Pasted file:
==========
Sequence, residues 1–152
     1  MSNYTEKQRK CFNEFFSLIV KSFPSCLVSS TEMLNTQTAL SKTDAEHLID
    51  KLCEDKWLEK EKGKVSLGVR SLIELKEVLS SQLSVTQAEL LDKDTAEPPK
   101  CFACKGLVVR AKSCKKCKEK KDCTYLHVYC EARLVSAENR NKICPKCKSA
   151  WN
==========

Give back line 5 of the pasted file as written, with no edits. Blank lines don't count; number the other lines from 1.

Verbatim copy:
   151  WN